The government’s $1.5 billion Ultra Fast Broadband (UFB) network is now in reach of 135,000 end users, but less than 4,000 New Zealanders have connected so far, according to ICT minister Amy Adams.
Adams’ office says 131,000 premises have fibre ducts passing through it, of which 34,000 were passed in the last quarter. These ducts don’t necessarily have actual fibre inside them, as they are left empty until fibre is blown through when connecting a user.
The UFB’s aim is to have 75 percent of New Zealanders able to access fibre services by 2019, but according to these latest figures, only three percent of those able to connect have done so.
Currently there are 18 retail providers offering UFB services, the largest two of these are Orcon (with around 1000 customers) and Callplus (with around 200, according to the NBR). The country’s two largest telcos, Telecom and Vodafone, have not announced any UFB plans yet (although Telecom says it will do so in March) and until they join the fray, bringing along their considerable marketing budgets, UFB is unlikely to become mainstream.
Telecommunication Users Association NZ (TUANZ) chief exec Paul Brislen says while smaller ISPs are doing their best to market UFB, they are unlikely to have a nationwide impact without the help of Telecom and Vodafone.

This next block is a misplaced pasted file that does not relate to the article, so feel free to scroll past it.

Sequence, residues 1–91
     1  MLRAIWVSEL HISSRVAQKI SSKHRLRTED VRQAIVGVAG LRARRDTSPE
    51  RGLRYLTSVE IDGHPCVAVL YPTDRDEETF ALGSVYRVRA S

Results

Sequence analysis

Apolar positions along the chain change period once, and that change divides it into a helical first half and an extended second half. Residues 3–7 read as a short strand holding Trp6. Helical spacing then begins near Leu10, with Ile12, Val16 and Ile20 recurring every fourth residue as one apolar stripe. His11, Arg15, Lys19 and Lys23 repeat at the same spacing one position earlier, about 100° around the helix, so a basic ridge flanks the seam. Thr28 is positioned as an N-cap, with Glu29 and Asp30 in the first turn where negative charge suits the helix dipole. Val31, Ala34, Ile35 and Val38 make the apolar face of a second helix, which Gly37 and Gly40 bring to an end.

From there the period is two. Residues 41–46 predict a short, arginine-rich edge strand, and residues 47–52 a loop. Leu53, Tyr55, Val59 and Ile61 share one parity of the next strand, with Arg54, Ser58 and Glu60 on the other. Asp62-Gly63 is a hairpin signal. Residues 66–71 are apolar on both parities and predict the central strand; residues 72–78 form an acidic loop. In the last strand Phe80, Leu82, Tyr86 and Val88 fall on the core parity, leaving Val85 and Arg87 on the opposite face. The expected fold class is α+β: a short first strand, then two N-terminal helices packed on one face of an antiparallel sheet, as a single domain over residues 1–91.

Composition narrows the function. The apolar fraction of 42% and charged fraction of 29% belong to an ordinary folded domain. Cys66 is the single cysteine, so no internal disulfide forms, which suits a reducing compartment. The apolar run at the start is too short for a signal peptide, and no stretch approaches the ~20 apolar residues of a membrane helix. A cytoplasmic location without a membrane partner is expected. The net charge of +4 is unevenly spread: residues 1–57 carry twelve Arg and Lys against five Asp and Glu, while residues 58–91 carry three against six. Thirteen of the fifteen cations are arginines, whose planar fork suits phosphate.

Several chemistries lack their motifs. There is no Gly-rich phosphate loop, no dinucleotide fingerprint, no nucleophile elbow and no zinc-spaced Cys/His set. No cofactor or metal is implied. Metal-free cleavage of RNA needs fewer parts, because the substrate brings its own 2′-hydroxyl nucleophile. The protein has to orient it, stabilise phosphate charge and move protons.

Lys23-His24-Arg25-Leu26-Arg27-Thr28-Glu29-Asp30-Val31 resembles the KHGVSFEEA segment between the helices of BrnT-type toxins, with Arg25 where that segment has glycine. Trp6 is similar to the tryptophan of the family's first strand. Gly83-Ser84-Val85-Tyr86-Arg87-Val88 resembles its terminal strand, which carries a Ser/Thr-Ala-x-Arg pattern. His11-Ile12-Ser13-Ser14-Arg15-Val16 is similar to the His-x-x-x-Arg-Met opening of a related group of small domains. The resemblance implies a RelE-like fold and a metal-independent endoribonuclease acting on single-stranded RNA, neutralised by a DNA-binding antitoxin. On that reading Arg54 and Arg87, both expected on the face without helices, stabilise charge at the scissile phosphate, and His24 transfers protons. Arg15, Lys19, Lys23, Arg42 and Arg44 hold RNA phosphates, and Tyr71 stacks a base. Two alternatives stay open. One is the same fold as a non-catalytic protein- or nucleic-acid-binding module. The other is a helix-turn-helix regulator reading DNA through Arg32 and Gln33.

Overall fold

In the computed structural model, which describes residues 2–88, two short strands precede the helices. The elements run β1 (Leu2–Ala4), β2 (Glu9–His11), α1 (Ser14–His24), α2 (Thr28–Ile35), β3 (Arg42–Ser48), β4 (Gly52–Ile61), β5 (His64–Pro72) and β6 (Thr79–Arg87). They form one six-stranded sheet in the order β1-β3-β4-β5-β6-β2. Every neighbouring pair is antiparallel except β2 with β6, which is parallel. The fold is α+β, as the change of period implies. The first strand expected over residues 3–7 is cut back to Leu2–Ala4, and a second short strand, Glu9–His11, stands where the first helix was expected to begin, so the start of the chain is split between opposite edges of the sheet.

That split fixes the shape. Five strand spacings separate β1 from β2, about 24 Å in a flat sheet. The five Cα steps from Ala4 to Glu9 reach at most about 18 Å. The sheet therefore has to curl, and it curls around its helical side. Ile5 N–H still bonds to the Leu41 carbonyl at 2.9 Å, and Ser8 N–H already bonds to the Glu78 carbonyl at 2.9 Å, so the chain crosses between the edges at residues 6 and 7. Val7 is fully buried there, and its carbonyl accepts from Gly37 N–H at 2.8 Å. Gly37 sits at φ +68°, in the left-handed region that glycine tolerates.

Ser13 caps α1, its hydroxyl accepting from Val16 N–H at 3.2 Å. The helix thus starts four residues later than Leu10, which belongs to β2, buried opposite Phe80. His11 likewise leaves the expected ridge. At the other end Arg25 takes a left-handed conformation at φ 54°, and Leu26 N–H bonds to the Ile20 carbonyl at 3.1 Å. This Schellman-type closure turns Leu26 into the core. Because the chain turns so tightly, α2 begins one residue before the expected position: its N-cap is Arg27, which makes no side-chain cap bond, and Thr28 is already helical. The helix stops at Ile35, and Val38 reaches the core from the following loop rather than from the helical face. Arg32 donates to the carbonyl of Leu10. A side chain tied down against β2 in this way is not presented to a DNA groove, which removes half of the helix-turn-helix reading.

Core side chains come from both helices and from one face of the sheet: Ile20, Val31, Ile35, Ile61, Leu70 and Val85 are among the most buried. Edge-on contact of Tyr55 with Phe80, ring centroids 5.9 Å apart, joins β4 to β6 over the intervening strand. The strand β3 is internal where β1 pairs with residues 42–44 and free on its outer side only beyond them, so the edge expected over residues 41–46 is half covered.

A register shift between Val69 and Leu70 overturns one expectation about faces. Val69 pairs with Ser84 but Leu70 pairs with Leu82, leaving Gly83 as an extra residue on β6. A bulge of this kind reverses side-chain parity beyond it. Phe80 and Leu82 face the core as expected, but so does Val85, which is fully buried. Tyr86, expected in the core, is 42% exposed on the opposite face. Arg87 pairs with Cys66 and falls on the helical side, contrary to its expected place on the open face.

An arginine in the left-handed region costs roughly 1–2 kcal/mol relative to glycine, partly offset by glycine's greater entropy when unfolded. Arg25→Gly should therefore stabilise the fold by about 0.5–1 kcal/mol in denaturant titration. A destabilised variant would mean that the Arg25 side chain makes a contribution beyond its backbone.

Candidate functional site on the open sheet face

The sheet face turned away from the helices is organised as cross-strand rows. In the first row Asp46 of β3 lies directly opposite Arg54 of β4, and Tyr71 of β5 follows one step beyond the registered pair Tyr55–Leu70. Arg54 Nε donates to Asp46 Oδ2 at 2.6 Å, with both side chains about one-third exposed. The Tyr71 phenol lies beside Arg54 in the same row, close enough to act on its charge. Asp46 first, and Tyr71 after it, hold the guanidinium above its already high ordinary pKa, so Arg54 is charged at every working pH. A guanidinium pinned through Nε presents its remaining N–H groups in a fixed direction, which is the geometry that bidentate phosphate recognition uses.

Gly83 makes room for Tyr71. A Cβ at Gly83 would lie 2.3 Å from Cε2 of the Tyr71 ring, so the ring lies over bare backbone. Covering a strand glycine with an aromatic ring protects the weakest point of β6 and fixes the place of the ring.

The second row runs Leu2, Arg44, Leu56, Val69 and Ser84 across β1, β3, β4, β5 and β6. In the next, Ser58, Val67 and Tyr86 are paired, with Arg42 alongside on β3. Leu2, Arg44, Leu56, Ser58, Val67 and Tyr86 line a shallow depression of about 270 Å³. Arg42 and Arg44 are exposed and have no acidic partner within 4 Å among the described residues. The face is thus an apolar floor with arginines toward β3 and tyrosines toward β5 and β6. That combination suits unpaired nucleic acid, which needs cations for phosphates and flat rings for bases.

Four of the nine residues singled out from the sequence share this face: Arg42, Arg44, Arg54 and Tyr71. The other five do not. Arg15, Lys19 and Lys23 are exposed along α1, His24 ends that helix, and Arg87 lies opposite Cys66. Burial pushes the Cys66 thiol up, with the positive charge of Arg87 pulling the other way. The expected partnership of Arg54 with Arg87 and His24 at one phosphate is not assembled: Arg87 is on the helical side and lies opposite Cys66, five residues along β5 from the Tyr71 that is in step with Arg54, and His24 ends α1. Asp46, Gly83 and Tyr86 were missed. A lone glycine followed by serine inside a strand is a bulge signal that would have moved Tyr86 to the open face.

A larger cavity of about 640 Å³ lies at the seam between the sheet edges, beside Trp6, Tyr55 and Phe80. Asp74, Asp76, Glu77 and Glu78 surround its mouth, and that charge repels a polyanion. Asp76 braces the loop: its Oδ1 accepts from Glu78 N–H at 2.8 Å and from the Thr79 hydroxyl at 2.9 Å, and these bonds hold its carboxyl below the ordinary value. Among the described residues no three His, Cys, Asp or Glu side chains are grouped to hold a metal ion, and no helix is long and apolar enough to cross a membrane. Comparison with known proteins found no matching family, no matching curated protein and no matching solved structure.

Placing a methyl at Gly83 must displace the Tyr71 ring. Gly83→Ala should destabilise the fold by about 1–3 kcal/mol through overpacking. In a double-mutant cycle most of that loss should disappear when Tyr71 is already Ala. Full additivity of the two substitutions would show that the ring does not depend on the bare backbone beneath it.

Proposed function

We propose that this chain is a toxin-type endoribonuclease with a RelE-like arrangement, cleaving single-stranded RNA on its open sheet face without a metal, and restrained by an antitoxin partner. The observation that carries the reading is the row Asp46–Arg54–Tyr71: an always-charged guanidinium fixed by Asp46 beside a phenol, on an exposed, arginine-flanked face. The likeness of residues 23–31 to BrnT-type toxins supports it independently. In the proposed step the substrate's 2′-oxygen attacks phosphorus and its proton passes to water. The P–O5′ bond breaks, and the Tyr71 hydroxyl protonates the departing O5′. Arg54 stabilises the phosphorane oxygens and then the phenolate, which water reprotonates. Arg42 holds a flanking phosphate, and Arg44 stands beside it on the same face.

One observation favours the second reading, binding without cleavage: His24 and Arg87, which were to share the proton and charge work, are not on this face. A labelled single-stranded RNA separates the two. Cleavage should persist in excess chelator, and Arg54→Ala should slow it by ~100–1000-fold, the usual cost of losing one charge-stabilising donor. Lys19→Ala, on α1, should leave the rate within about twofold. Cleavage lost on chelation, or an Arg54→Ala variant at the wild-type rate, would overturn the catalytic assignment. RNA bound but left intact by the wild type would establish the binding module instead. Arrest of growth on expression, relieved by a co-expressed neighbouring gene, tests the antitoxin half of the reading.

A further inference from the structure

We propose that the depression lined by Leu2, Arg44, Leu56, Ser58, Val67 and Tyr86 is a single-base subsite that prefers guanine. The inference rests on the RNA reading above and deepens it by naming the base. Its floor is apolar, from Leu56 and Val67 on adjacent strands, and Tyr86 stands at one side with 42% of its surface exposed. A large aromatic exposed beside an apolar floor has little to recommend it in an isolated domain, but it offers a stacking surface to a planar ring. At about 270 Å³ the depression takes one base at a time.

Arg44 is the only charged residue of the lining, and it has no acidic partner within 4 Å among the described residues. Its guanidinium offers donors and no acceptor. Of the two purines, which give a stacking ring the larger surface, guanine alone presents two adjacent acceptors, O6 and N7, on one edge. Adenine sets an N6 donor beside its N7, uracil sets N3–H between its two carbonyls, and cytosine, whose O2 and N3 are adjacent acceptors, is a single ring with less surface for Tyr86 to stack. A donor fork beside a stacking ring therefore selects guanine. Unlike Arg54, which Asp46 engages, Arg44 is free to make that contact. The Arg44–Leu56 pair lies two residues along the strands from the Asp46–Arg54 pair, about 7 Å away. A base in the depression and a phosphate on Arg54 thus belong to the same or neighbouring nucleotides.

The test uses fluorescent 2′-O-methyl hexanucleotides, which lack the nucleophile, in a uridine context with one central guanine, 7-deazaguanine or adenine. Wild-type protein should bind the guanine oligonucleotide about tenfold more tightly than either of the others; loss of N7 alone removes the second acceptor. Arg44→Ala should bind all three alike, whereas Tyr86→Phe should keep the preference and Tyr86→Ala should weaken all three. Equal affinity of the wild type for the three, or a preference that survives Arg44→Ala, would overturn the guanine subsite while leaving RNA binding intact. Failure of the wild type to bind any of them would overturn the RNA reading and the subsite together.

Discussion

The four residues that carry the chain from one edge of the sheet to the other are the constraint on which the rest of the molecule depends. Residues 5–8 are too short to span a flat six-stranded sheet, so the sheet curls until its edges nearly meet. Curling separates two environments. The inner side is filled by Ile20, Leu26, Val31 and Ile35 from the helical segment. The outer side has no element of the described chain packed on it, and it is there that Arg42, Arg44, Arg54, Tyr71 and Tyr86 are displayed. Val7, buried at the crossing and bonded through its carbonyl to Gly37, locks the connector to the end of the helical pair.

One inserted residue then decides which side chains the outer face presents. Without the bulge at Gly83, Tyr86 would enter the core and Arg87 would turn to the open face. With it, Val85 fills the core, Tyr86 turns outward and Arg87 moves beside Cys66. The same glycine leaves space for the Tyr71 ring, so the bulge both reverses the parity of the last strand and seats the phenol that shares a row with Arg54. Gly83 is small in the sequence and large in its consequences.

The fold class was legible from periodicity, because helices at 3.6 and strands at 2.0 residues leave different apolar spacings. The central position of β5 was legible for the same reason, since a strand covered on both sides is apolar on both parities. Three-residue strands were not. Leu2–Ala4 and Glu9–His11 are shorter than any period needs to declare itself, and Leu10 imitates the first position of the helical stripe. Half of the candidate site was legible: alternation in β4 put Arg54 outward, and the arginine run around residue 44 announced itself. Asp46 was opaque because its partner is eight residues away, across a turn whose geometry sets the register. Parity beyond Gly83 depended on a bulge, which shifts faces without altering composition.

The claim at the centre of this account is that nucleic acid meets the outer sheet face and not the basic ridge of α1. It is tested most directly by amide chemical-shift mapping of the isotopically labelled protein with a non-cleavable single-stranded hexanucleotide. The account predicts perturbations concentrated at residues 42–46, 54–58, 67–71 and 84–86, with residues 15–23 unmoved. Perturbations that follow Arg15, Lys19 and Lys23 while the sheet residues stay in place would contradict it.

“I get into trouble with the smaller ISPs when I say this, because they are out there actively selling UFB, but the hard truth is [Telecom and Vodafone] do all the marketing. Once people decide to actually take a look at [UFB], they might move to a smaller provider. For the mass market, we need Telecom and Vodafone to get on board,” says Brislen.
Brislen says marketing the actual benefits of UFB is an important piece of the pie, which the government (through Crown Fibre Holdings) and Chorus have not done effectively. Again, this is an area where the Big Two’s marketing prowess would come in handy, he says.
“I’ve just been to Kuala Lumpur in Malaysia… where they have a 30 percent uptake in fibre. It’s down to two things: how easy it is to connect … and the single biggest driver is TV,” says Brislen. “Telecom Malaysia has 100 channels of TV. They have a 10 Mbps dedicated line just for video. We can argue until we’re blue, but unless we have attractive content for our UFB, mum and dad New Zealanders won’t care.”